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archive for May 2013

my mom

Sunday, May 12th, 2013

Happy Mother’s Day to all of the wonderful moms out there! I personally feel that every day should be Mother’s Day, because it is without a doubt, the most difficult job in the world.


thank you to all of the moms



I’ve written on occasion about my dad on the blog, because that’s pretty easy to do. My dad was my pal when I was growing up because he was a big kid at heart – he still is. He’s also quite the character. I am, to be sure, my father’s daughter. Our relationship has been fairly constant throughout my life.

But my relationship with my mom is a different story. It has evolved over the years and we have both grown and changed in that time. It’s complex and I think that happens with mothers and daughters who are close and yet span different cultures, personalities, and ways of thinking.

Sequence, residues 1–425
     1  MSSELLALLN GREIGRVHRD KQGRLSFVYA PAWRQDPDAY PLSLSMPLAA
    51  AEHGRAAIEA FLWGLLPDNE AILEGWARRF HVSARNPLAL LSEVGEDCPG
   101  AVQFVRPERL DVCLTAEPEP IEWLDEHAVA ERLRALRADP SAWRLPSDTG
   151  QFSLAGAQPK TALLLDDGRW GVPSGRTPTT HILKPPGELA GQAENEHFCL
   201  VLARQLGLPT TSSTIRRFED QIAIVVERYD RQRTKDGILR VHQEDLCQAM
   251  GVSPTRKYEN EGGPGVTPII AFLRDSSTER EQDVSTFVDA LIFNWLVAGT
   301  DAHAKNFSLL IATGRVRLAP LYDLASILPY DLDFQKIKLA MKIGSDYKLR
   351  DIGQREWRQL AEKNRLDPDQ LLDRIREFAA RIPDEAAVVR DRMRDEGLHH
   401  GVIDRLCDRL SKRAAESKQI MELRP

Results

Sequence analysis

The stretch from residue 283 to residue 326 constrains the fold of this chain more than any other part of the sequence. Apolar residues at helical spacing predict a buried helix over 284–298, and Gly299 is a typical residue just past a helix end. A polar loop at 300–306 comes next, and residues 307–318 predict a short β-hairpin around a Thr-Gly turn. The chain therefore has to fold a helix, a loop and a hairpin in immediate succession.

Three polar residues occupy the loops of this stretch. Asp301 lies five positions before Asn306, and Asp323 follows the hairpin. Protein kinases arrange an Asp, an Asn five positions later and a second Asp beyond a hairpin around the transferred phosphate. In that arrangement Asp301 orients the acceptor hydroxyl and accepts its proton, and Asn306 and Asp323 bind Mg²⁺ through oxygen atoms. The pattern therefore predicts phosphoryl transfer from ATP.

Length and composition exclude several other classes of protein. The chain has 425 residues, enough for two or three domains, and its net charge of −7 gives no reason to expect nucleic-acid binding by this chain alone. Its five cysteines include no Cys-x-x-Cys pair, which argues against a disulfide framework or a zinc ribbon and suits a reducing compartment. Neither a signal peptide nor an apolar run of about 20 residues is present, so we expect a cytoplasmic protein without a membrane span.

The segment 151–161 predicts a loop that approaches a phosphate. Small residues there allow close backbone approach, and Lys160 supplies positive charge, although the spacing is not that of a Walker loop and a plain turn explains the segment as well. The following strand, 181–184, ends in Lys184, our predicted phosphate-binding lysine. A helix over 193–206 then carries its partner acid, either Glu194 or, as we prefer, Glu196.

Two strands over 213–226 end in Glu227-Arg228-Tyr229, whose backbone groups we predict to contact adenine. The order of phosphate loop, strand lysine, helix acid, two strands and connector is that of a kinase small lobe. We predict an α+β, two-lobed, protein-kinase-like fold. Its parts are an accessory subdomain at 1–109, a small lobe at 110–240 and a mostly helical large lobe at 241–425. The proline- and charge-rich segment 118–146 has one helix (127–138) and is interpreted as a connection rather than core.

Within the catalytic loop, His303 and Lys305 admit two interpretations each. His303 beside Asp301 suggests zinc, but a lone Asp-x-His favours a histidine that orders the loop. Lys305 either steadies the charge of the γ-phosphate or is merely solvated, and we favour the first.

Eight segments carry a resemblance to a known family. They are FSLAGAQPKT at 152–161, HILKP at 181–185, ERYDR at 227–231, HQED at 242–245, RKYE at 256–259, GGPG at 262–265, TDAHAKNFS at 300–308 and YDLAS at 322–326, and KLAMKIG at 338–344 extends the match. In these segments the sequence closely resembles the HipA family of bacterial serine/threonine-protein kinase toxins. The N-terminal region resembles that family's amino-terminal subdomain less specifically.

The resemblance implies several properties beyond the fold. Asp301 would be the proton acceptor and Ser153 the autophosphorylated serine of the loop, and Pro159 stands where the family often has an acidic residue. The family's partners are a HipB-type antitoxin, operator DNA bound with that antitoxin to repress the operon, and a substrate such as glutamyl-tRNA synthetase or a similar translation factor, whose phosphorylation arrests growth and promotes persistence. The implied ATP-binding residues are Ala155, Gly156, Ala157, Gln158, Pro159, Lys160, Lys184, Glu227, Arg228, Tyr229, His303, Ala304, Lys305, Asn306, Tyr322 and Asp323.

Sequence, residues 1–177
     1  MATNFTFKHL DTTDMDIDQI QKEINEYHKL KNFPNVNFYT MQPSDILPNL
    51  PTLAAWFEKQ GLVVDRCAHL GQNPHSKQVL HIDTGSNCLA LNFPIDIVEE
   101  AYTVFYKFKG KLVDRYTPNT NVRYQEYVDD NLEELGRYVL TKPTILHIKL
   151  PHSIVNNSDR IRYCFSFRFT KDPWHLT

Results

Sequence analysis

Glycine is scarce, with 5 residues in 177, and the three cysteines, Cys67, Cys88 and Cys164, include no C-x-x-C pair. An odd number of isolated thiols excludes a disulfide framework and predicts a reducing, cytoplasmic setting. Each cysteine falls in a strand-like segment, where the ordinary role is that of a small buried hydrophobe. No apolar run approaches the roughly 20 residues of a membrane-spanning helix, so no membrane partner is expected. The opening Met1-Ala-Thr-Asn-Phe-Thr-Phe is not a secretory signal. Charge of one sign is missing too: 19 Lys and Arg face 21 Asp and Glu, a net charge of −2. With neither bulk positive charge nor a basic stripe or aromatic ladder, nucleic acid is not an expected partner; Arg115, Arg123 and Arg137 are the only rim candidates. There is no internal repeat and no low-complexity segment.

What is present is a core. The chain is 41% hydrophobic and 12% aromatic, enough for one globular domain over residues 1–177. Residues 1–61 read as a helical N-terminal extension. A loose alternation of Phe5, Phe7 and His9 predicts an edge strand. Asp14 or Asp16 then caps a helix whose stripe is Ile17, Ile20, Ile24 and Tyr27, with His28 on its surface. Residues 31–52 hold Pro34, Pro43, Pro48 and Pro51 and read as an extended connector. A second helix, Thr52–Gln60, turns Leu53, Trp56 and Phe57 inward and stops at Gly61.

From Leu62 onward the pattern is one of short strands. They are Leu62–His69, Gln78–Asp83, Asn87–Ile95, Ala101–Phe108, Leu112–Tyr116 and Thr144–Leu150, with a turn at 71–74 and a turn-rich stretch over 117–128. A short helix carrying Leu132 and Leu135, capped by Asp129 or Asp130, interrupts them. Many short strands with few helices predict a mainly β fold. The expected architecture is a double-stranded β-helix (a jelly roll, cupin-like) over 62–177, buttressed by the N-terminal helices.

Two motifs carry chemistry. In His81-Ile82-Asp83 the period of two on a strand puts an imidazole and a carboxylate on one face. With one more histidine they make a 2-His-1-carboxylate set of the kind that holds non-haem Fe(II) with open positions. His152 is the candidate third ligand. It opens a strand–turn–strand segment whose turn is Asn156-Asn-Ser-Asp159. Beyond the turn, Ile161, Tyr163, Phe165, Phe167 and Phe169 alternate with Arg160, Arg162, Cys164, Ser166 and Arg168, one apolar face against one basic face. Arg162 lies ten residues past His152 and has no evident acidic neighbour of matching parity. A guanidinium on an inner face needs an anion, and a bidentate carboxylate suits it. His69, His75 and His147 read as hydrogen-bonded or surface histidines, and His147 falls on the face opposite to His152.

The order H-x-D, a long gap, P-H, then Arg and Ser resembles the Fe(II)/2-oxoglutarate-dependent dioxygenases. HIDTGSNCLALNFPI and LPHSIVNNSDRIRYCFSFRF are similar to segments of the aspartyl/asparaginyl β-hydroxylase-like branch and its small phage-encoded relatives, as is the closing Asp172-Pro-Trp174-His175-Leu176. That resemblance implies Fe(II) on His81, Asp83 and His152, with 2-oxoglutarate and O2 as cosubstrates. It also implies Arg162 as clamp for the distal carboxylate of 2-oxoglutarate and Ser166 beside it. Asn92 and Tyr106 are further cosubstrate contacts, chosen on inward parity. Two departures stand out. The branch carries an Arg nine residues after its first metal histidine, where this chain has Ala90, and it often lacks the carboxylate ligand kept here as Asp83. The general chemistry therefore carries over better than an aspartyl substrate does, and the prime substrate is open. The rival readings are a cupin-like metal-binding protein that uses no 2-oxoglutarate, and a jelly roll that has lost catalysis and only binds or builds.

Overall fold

mom at 18 (as a bride’s maid)

age 22



I love these glamorous photos of our parents from the 50s and 60s. I treasure them. When I was little I used to thumb through this collection of old photographs of my parents and other family members. That was another time, another place… far from me and disconnected from my reality. It wasn’t until I was in my 30s that I realized I was so much older than my mother in those photos. And it has always been evident to everyone that my mother is elegant and beautiful and I am a tomboy with no fashion sense.

posing with dad’s big catch (i’m the goofball on the left – my grandmother dressed me)